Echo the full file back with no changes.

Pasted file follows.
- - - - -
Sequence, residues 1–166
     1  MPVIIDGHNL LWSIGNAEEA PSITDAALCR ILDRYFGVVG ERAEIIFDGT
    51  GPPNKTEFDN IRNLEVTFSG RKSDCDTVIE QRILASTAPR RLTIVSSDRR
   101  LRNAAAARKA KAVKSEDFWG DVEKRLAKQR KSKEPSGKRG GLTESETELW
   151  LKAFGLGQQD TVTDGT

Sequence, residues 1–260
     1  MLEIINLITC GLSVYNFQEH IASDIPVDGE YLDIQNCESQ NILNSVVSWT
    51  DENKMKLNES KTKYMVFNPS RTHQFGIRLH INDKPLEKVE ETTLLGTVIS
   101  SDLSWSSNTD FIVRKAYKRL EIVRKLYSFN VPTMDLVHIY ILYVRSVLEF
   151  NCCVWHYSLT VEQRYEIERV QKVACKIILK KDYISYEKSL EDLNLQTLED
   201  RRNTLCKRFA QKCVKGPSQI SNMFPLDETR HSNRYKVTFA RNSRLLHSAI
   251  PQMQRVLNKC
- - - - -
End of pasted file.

Sequence, residues 1–166
     1  MPVIIDGHNL LWSIGNAEEA PSITDAALCR ILDRYFGVVG ERAEIIFDGT
    51  GPPNKTEFDN IRNLEVTFSG RKSDCDTVIE QRILASTAPR RLTIVSSDRR
   101  LRNAAAARKA KAVKSEDFWG DVEKRLAKQR KSKEPSGKRG GLTESETELW
   151  LKAFGLGQQD TVTDGT

Sequence, residues 1–260
     1  MLEIINLITC GLSVYNFQEH IASDIPVDGE YLDIQNCESQ NILNSVVSWT
    51  DENKMKLNES KTKYMVFNPS RTHQFGIRLH INDKPLEKVE ETTLLGTVIS
   101  SDLSWSSNTD FIVRKAYKRL EIVRKLYSFN VPTMDLVHIY ILYVRSVLEF
   151  NCCVWHYSLT VEQRYEIERV QKVACKIILK KDYISYEKSL EDLNLQTLED
   201  RRNTLCKRFA QKCVKGPSQI SNMFPLDETR HSNRYKVTFA RNSRLLHSAI
   251  PQMQRVLNKC